One ball has a certain velocity and is spinning. It hits another ball, and each have a certain friction constant which kind of roughly defines how their surfaces interact.
Now, when I was in high-school and knew less about physics, I could explain the result of this based on the conservation of linear momentum and angular momentum. For linear momentum, this is quite simple and depends on the mass of each ball, for angular momentum there's both the fact that one ball is spinning and the angle at which it hits the other ball (which provides some torque) to take into account as well. The result will be both balls will have a different spin and different velocity but linear momentum and angular momentum are conserved. This can be seen in a way as a consequence of Noether's theorem because of the equivalence of rotated or translated inertial frames.
Now that I know more about physics, this is what happens in my mind and I'm terribly confused why angular momentum is still even a thing:
Both balls are collections of molecules with a certain structure which create intramolecular forces. Regardless of how one ball happened to end up spinning and moving, at the point of contact with the other ball, these molecules will impart linear momentum upon the other ball's molecules, and this linear momentum is caused by the ball spinning and also by the ball's velocity. This linear momentum between molecules needs to be conserved so each will get a share. From that point on, because the balls are squishy, more molecules will become involved and will impart linear momentum, while all the molecules in each ball will still be subject to their intramolecular forces.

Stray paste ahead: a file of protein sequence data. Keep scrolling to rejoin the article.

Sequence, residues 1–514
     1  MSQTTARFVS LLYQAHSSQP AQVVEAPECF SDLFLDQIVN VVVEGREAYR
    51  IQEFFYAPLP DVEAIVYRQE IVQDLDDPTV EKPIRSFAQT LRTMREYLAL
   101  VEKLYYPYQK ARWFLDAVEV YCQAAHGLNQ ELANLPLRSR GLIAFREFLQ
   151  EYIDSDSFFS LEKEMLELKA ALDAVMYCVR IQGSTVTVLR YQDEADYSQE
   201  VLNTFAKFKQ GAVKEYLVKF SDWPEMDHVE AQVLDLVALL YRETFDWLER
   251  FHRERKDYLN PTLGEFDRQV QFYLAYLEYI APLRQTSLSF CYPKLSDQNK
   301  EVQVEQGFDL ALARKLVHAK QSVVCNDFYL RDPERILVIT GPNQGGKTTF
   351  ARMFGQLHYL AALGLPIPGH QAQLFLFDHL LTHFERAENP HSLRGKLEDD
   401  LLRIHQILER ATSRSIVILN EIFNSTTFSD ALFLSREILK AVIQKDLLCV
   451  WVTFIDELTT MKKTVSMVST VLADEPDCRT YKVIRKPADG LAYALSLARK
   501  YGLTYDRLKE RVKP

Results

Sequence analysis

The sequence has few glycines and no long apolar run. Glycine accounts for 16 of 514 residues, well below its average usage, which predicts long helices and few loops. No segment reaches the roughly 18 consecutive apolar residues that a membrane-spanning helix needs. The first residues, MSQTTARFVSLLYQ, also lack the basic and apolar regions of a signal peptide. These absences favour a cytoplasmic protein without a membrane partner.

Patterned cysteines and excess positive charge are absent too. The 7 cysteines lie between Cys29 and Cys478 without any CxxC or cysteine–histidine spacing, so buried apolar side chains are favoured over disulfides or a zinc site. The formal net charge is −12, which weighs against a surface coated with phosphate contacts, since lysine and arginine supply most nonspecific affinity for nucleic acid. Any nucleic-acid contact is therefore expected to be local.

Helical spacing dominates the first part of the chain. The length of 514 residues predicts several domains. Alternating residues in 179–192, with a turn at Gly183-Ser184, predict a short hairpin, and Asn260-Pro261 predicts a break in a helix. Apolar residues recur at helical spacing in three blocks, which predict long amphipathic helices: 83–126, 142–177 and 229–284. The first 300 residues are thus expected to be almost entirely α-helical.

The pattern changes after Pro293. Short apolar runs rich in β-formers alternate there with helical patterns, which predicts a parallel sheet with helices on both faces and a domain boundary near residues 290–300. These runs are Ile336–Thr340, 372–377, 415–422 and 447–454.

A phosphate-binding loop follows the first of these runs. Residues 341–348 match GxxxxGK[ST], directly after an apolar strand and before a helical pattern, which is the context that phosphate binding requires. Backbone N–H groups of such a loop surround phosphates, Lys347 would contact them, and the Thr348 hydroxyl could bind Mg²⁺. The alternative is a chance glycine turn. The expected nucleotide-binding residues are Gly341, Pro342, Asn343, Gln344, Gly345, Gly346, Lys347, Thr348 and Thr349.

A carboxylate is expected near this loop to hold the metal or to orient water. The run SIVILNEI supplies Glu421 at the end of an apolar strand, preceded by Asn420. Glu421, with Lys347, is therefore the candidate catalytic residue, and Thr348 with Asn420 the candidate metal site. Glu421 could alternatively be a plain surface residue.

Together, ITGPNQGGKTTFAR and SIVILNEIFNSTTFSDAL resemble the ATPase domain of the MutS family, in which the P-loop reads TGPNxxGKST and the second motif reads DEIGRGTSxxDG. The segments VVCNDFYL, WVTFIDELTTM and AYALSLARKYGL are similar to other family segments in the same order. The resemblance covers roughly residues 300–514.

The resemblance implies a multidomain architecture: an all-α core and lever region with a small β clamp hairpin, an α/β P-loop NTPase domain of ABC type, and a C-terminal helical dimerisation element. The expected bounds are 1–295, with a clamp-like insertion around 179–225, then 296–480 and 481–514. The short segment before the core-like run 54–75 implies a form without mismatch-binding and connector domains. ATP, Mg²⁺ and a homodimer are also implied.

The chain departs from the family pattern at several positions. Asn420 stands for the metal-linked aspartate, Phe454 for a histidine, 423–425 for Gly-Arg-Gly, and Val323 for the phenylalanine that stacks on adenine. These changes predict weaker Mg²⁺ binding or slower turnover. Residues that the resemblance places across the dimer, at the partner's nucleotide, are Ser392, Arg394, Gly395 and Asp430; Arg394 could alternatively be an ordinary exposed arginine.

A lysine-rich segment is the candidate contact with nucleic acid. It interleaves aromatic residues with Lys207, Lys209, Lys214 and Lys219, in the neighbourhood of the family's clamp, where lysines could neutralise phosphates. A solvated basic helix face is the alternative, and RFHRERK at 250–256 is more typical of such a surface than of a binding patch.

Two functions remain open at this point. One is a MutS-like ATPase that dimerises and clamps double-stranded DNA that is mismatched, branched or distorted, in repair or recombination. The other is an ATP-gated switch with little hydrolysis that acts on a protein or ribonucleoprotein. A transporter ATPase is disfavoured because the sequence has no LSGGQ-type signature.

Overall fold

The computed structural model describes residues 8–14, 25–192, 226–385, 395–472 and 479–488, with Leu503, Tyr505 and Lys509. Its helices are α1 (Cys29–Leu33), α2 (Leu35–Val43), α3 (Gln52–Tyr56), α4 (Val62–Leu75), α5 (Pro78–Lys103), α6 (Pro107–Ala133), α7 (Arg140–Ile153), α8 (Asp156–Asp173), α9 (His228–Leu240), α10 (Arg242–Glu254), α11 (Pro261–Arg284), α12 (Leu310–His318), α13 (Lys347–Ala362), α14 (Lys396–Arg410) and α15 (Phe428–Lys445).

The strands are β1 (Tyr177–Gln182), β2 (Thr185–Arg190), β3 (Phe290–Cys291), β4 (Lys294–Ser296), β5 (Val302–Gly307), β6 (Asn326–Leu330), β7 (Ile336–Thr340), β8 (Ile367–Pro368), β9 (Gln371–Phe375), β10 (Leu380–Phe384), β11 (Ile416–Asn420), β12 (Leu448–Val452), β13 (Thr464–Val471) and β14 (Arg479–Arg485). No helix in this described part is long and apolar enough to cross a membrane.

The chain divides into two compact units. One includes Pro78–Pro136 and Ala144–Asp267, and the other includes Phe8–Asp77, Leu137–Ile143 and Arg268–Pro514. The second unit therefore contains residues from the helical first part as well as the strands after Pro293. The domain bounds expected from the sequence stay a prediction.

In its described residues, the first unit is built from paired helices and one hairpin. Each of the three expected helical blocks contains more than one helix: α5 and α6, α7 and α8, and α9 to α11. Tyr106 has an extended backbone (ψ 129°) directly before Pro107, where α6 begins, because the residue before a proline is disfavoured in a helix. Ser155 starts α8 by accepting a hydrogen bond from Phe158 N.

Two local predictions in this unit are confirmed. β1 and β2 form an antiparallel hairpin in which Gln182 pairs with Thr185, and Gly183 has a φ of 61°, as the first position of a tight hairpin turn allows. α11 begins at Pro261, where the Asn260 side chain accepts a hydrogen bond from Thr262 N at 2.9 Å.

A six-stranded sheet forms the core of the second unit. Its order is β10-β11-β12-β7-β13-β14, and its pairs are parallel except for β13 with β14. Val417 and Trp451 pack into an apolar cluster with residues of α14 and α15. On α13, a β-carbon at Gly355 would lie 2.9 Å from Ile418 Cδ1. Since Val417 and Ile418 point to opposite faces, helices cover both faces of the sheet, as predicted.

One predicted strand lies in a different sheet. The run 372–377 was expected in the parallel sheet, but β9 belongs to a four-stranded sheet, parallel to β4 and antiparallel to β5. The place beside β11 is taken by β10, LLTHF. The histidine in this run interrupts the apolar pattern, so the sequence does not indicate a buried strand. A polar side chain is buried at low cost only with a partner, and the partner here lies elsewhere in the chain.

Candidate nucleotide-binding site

Now, the intramolecular bonds in the previously idle ball will start propagating motion through the ball through basically Pauli's principle, and it will basically go at the speed of sound of the material of the ball. This will cause the linear momentum to propagate throughout the ball, but because of the intramolecular forces, they will bend this into a "spin" of the ball as the movement propagates.
As you can see, the final result is explained entirely by linear momentum. There is no such thing as angular momentum involved. Now, I don't want to become the kind of crackpot that says there is no angular momentum. I realise that in another perspective, it could be seen that linear momentum doesn't exist and all of this is just angular momentum being conserved, with a very large radius. However, what I can't see is how both concepts can be fundamental in classical mechanics. I just don't understand anymore how we ever really deal with angular momentum if I can explain everything by molecules imparting linear momentum. Or am I making a mistake?
Note that I have read this post Is Angular Momentum truly fundamental? and it doesn't explain my question.
Thanks for helping me reach deeper understanding,